If Europe cannot get off Russian natural gas, can the United States stop importing from Putin?

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There are some false narratives being talked about in the news, on social media, and at the water cooler in people’s offices. Those narratives include how important wind and solar in the electrical grid in New England, and how pipelines are bad. Do you turn on the light switch and expect the lights to come on? Well, we are blessed in the United States to have reliable electrical systems and have become accustomed to it as a regular part of life.

Many of my investors and followers have been asking; “Why is natural gas so high, and why is my electric bill even higher?” Well depending on what part of the country they live in tells me how to answer the question.

There are exceptions, and yes, I was in Texas when the ERCOT system failed, and we did not have power. People panicked, and the problem was grid systems management. But our price of kWh is a lot cheaper than on either coast. It is because we have pipelines, the Permian and Haynesville oil and gas fields in our part of the country. On both coasts they import oil and LNG and that includes Russia, Iran, Trinidad, and others. None of them have the same ESG standards that we are held to in the United States.

And while some conversations came up, people were confused on the amount of renewable energy being supplied to the power grid. People think that the billions we have spent in wind and solar farms provide 50% of the electricity that they use.

Well, the EIA has charts that are updated on daily, weekly and even down to the hour in some cases. The hourly generation for today in New England should be an eye opener for some people.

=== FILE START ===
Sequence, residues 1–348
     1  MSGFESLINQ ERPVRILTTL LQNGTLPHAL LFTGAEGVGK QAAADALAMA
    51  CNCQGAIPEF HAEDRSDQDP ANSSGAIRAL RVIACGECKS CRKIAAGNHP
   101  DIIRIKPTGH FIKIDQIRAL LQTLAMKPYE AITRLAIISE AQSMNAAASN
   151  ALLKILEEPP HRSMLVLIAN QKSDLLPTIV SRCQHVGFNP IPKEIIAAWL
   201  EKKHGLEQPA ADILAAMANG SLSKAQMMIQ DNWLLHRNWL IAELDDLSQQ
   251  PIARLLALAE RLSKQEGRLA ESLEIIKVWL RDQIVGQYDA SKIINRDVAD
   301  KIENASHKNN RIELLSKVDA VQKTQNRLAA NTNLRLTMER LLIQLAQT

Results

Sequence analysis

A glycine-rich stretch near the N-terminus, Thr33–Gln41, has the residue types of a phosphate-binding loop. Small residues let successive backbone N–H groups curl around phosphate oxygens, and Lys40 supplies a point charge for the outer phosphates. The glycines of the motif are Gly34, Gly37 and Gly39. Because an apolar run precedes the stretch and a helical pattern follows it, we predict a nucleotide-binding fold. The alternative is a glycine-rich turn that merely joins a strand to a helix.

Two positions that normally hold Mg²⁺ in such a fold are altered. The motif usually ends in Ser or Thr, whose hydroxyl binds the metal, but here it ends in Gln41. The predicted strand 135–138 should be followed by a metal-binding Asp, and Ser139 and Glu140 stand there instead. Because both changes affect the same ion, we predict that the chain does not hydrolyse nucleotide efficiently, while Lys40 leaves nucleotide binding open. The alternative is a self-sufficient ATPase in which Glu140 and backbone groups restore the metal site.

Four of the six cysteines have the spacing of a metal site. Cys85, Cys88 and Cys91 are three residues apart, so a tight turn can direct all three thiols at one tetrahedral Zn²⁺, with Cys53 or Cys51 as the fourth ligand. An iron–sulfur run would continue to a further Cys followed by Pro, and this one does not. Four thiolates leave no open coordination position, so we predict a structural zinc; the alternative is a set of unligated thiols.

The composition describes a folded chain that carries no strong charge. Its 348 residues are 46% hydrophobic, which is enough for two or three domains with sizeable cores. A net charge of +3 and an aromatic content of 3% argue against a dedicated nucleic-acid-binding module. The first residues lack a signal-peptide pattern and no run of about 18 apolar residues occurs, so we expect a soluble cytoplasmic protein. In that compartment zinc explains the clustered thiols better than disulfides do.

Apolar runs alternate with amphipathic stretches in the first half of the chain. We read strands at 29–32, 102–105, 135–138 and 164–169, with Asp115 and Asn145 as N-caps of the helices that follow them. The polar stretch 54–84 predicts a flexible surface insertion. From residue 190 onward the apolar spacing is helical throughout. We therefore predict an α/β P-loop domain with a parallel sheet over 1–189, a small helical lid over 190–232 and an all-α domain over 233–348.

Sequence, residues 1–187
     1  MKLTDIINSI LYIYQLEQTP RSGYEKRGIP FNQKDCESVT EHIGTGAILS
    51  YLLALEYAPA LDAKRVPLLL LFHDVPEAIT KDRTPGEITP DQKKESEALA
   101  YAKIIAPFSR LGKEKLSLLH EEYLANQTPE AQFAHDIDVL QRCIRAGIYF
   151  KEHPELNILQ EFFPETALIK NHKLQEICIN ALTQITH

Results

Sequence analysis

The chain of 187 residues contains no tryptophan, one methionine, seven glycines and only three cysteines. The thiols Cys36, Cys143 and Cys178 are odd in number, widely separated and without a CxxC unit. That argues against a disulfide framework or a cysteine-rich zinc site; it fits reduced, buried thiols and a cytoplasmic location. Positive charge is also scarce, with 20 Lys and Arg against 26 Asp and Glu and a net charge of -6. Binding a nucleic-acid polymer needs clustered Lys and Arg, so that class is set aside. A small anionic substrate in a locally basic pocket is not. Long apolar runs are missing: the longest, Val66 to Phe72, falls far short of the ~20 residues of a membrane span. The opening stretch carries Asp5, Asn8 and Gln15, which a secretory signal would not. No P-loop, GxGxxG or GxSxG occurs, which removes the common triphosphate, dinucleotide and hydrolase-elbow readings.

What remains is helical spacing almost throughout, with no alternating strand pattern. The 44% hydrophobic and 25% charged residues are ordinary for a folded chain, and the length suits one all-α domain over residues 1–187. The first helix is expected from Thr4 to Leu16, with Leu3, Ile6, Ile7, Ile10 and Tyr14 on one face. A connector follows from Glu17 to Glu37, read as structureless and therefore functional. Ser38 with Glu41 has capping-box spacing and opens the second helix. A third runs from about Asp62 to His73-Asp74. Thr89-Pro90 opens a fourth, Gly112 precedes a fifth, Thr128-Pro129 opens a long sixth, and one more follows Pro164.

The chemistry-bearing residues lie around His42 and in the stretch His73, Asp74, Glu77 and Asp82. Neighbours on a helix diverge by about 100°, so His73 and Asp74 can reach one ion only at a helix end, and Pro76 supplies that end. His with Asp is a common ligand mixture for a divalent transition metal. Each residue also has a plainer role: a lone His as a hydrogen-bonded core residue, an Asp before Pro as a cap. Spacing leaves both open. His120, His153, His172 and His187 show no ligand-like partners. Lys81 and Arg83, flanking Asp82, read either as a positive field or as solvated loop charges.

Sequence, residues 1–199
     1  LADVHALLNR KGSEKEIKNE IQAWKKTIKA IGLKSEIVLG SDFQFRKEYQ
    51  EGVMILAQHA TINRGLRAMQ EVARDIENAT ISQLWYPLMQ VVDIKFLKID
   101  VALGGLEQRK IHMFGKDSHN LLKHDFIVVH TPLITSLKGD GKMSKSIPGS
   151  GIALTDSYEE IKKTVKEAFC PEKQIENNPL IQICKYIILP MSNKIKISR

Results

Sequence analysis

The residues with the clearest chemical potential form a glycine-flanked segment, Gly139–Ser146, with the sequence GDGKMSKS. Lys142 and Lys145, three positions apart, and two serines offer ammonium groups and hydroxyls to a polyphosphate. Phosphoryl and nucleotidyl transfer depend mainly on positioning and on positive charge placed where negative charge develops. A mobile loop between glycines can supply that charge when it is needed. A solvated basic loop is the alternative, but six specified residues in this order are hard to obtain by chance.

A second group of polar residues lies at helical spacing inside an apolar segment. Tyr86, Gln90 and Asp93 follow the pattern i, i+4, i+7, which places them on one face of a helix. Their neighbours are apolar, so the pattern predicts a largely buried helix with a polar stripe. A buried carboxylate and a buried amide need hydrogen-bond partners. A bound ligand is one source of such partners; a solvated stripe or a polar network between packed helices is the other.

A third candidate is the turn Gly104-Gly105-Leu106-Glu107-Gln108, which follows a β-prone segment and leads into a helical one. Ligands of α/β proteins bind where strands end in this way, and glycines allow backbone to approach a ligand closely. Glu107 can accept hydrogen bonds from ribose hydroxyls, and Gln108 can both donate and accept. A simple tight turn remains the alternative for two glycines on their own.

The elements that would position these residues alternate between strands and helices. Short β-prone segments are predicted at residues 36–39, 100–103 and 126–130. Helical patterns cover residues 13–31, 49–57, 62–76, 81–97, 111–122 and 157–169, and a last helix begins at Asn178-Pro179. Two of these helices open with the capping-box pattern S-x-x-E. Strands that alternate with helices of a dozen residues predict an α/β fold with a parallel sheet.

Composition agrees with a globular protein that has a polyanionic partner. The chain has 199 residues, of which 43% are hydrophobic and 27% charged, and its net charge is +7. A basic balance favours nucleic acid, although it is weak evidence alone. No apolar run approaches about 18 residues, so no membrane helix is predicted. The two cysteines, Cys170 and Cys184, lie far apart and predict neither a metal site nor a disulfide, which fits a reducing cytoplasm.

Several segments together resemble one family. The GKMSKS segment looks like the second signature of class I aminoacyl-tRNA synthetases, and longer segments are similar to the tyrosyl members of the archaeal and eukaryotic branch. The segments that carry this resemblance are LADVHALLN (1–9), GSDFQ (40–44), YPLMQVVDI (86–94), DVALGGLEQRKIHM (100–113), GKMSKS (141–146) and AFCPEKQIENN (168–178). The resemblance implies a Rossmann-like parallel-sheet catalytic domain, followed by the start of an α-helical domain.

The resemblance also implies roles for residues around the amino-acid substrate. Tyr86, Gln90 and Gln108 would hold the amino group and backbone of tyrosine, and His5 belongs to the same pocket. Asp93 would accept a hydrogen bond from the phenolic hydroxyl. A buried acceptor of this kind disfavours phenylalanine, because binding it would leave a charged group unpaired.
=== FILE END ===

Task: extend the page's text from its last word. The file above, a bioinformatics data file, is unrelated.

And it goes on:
In the graph above, notice that natural gas is the largest source of electricity used in New England, and this is a good representation of the average day. Hydro is the largest renewable, nuclear is stable and wind and solar are almost negligible on the grand scheme. Well, why does natural gas cost so much more in the northeast, when they have natural gas fields right down the road?

The EIA does not break out how the natural gas gets into the pipeline. It is imported LNG and is 0ver 400% more expensive than the same gas we buy in Texas. There are several reasons why they are relying on imports, and they revolve around who they elected. All of the pipelines required to provide low-cost electricity have not been approved for the last 15 years. It is just like the current administration canceling the Keystone XL pipeline.

Personally, I would rather buy oil from our neighbors in Canada and also use our domestically produced natural gas rather than shipping LNG tankers from countries that would like to see the United States fail.

The Bottom Line

I am glad to be living in the United States, and proud to be from Texas. Even though Texans still question ERCOT’s management capabilities, at least our natural gas is home grown. And 400% less expensive.

So, if pipelines cannot be approved, can’t we just buy LNG from U.S. exporters in the gulf coast region?  Well, we cannot because of the Jones Act. The Jones act is a 1920 piece of legislation designed to rebuild the shipping industry after WW I. It requires shipping between U.S. ports be owned and operated by U.S. citizens or permanent residents.

There are emergency exemptions in the bill that would allow the tankers from the U.S. Gulf of Mexico to ship to New England. Our elected officials just need to approve the emergency exemptions for immediate price relief for everyone. But it won’t happen.

What really needs to happen is to have the Jones Act repealed and reasonable, enforceable, regulations put into place. Yes, I just said the naughty word “Regulations”. But if both coasts will import oil and LNG from countries that do not have our best interests in mind, we will need some way to ensure that we can get them off Russian, Iranian and Saudi Arabia imports.

Until then, I am going to stay in Texas and enjoy my lower electricity prices.

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Please reach out to our team at any time for answers to your questions.

Jay R. Young, CEO, King Operating

ForbesBooks Author of “The Upside of Investing in Oil and Gas"

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